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The Arizona State football team is still 119 days from its first game of the season, but it’s never too early to dissect what ASU’s opponent, Northern Arizona, will bring to Sun Devil Stadium on Sept. 1.
Unlike ASU, the Lumberjacks are returning a boatload of key players from last season. Most notably, NAU returns sophomore quarterback RJ Martinez.
Martinez started in seven games, but played in eight on his way to securing Big Sky Conference Freshman of the Year honors. The Lumberjacks went 4-3 last season with Martinez starting.
He threw for 1,713 yards and 14 touchdowns, while only throwing two interceptions. Martinez will be matched up against a Sun Devil secondary that’s been labeled the weakest link of this ASU defense. Even so, the talent gap from the team in Tempe to the one in Flagstaff should be enough to supplement for a questionable secondary.
Aside from Martinez, it looks like the Lumberjacks will boast a three-headed monster in the backfield. The lead running back for NAU in 2022 will be sophomore Kevin Daniels. Daniels put up big numbers last season, rushing for 1,146 yards. He was the first Lumberjack running back to go over 1,000 yards since the 2015 season.
Junior running back George Robinson will play second fiddle, while sophomore tailback Draycen Hall plays more of a change-of-pace role. Robinson didn’t play much a season ago, but given his 230-pound frame, he figures to be the go-to, short-yardage back.
Hall is much smaller than Robinson and does most of his damage in the receiving game. Hall hauled in 29 passes for 244 yards in 2021.
Those three provide NAU with a variety of options to wear down opposing defenses. They will face a challenge in the Sun Devils defensive line and linebacking corps, which are some of, if not the strongest position groups ASU has.
Despite the loss of sophomore linebacker Eric Gentry, who transferred to USC, the Sun Devils still return two starters at the position. Redshirt fifth-year linebacker Kyle Soelle returns to the mix for ASU. Soelle led the Sun Devils in tackles a season ago with 82 total, which was 14 more than any other player on the roster.
Another veteran returnee is fifth-year linebacker Merlin Robertson. Robertson has been a staple of the Sun Devil defense for the last handful of seasons. He figures to be a key piece if he can turn back the clock to his 2020 form when he was named to the Butkus Award watch list.
An area of concern on the other side of the ball for ASU in the offseason has been the fleeting talent at wide receiver and quarterback. Those positions figure to be an issue with NAU possessing one of the best Big Sky Conference defenders in redshirt senior safety Morgan Vest.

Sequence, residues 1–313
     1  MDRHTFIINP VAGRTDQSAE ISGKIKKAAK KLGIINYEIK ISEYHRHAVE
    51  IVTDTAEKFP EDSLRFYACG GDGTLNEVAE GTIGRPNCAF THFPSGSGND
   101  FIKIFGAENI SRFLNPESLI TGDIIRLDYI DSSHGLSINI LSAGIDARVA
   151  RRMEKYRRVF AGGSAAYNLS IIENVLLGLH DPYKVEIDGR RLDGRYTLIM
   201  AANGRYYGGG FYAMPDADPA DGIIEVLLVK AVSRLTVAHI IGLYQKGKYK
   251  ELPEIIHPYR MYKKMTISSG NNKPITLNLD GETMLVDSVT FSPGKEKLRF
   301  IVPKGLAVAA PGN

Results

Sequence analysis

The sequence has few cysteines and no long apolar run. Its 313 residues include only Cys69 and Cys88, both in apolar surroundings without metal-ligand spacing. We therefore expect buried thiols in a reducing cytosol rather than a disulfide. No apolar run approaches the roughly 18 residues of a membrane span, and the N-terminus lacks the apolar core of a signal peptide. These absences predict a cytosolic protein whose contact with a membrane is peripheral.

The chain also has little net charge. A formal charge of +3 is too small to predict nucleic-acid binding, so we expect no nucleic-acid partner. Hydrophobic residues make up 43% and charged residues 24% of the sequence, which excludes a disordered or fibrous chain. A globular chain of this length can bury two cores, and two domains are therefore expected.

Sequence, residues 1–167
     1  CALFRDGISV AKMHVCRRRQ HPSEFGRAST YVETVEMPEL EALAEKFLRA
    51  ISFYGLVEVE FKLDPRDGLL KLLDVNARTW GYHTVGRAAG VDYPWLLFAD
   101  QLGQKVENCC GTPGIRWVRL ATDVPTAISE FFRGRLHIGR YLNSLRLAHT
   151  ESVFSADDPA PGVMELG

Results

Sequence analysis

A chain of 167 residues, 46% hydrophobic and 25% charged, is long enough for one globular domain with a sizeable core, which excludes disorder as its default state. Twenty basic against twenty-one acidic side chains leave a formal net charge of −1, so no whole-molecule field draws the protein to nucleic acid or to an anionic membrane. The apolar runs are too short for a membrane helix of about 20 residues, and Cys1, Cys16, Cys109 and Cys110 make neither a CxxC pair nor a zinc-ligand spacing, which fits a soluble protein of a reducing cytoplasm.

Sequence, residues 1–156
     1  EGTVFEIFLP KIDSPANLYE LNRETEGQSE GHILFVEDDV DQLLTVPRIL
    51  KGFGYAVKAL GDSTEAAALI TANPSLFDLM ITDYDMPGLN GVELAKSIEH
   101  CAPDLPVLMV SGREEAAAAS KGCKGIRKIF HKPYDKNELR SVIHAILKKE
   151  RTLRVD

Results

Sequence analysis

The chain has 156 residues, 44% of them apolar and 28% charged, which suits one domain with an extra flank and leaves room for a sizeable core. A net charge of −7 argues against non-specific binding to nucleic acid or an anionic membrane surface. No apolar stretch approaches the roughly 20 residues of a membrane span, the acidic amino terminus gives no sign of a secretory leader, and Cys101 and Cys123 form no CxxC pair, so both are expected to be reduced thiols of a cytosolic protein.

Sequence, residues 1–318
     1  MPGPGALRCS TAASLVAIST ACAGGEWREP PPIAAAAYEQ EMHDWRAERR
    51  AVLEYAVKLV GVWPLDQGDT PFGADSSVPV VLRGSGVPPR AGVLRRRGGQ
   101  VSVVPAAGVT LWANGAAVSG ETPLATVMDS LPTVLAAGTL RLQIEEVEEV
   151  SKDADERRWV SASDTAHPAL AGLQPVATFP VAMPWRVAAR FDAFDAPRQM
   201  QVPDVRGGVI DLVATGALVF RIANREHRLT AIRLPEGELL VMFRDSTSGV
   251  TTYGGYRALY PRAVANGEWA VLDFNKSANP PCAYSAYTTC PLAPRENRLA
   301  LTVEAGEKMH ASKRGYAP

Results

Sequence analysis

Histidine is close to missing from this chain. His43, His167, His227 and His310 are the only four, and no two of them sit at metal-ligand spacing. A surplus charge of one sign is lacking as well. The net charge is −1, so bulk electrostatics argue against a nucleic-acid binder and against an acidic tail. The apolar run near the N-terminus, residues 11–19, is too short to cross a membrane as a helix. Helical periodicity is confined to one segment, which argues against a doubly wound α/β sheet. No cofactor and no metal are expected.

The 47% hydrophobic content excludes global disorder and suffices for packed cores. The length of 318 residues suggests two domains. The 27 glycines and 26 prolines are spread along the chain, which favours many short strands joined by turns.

Vest put up astronomical numbers last season. He recorded 106 tackles, which ranked 21st in the FCS. The strength of this NAU team however is on offense, but that didn’t stop Lumberjacks coach Chris Ball from praising the defense.
“They’ve had a great spring, and we’re really looking forward to seeing what they can do this season,” Ball said to the Arizona Daily Sun following NAU’s spring game on April 23. “We’re really pleased with the way they’re playing in the back end.”
While this NAU team appears to be set for one of its best seasons in recent memory, the history between these two programs clearly favors ASU. There’s even a little bit of a relationship with Ball and the Sun Devils football program.
Ball served as a defensive coordinator at the University of Memphis before becoming the Lumberjacks coach . Ball’s head coach at Memphis was none other than Mike Norvell, a former ASU offensive coordinator from 2012 to 2015.
While relationships are fun and all, history doesn’t bode well for the Lumberjacks in this area of the state. Even with the Sun Devils’ offseason catastrophes, they figure to start the season 1-0.
The last time these two teams played was back in 2016. The Lumberjacks kept it a game going into halftime, trailing the Sun Devils 10-3. Former ASU coach Todd Graham’s team, led by quarterback Manny Wilkins, dominated the second half to win the game 44-13.
It would be one thing if ASU had won that 2016 game but lost a couple here or there to the team up north. That’s simply not the case in the history between ASU and NAU.
The Sun Devils have won 10 in a row dating to 1939. To put it another way, the last time NAU beat ASU in a football game, air-conditioned cars hadn’t been invented. But who knows? Maybe Ball’s team can find some magic to give the Lumberjacks their first win over Arizona State football since Seabiscuit beat War Admiral.